of attorneys' fees can preclude a person from pursuing a case.                 
Number 1259                                                                    
REPRESENTATIVE SANDERS questioned whether the phrase "reasonable               
attorney fees" is an oxymoron.                                                 
Number 1268                                                                    
REPRESENTATIVE RYAN suggested revisiting the statutes to see if                
requiring reimbursement of actual attorney fees would be                       
appropriate for the plethora of lawsuits filed by the environmental            
CHAIRMAN ROKEBERG offered to co-sponsor such legislation with                  
Representative Ryan.                                                           
Number 1296                                                                    
CHAIRMAN ROKEBERG informed committee members the bill contains a               
definition of "non-consensual common law liens" on page 3.  He                 
asked why officers or employees of the military or naval forces,               
and members of the National Guard, are included in the definition              
of public servants (page 4, lines 11 - 15).                                    
Number 1332                                                                    
MR. WOOLIVER said he was not entirely sure unless problems have                
occurred in other states with liens being recorded against those               
groups of people for doing their jobs as well.  He pointed out that            
although these liens have not become a huge problem in Alaska, they            
have been recorded against everybody under the sun in some of the              
other states, including trustees of a variety of boards and                    
commissions, pension funds, et cetera.                                         
Number 1368                                                                    
CHAIRMAN ROKEBERG referred to the definition of the word "record"              
on page 4, beginning on line 19 and asked if any other such                    
definition is contained in Alaska Statute.                                     
MR. WOOLIVER replied Title 40, Chapter 17 is the recorder statute              
but he was unsure whether it contains the same definition.                     
CHAIRMAN ROKEBERG asked for clarification of the intent of lines 22            
and 23 on page 4.                                                              
Number 1425                                                                    
MR. WOOLIVER explained that language was included to ensure that               
the provision does not only apply when a person goes to the proper             
place to record the lien.  Without that language, a person could               
record the lien in an improper place and argue that the offense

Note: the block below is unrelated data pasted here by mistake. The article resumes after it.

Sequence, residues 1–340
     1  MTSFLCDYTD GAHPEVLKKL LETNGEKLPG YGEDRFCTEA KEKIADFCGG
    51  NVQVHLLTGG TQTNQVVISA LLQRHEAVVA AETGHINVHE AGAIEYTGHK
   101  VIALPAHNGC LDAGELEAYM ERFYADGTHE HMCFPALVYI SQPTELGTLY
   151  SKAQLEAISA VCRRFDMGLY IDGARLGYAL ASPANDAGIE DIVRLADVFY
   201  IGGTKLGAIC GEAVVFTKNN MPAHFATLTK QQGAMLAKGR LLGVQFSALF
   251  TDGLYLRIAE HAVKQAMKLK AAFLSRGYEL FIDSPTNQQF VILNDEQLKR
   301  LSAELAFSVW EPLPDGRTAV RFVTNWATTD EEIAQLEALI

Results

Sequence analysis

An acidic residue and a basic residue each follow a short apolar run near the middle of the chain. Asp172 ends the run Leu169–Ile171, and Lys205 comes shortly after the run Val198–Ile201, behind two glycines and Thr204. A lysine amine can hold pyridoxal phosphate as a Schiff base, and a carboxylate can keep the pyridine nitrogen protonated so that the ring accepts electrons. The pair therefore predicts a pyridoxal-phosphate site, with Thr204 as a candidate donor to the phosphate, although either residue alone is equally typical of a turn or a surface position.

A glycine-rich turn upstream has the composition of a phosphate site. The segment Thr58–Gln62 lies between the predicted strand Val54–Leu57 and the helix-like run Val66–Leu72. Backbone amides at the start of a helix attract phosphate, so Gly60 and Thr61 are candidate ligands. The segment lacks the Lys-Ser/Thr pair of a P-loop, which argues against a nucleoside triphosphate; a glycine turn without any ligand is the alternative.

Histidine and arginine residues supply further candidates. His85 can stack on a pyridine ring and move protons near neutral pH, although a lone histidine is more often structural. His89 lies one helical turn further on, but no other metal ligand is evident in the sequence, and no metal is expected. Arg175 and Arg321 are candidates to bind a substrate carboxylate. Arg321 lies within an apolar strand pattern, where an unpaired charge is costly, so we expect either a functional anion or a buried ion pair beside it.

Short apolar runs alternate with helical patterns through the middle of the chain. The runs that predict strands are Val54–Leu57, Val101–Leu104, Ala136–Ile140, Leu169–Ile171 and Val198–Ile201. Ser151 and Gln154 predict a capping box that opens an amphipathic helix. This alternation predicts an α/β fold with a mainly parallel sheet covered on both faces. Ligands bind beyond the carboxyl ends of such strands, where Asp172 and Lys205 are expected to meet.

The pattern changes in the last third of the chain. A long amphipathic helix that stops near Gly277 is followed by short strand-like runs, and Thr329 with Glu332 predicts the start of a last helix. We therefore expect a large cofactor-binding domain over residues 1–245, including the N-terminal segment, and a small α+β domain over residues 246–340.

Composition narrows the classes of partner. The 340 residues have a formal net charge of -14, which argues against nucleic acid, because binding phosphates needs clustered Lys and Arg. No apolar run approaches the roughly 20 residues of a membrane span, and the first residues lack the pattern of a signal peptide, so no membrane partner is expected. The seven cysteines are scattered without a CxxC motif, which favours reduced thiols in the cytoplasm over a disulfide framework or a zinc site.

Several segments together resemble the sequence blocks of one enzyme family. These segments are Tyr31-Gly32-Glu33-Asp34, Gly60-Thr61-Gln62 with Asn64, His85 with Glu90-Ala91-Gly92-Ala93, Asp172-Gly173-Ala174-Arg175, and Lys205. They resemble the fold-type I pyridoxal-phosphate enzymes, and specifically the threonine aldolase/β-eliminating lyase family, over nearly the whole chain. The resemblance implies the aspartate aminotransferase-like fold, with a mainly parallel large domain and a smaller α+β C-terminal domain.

would not apply.  He clarified that language was taken out of AS               
40.17.900 which is the public records and recorders' statute.  He              
added that statute contains the same definition of "record" as that            
included in SB 195.                                                            
Number 1472                                                                    
CHAIRMAN ROKEBERG noted SB 195 creates two different levels of                 
offense for recording a false document:  first and second degrees.             
He questioned whether recording a non-consensual lien is a first or            
second degree offense.                                                         
Number 1491                                                                    
MR. WOOLIVER replied it is a misdemeanor.  He explained the felony             
offense exists under current law but is difficult to apply to this             
activity.  SB 195 amends current law to more effectively deal with             
this type of activity.                                                         
Number 1506                                                                    
CHAIRMAN ROKEBERG asked if one would need a court order to record              
a non-consensual lien in the future, according to SB 195.                      
MR. WOOLIVER said that is correct.                                             
Number 1555                                                                    
REPRESENTATIVE COWDERY made a motion to move SB 195 out of                     
committee with individual recommendations and its accompanying zero            
fiscal notes.                                                                  
Number 1569                                                                    
CHAIRMAN ROKEBERG asked if there were any objections.  There being             
none, it was so ordered.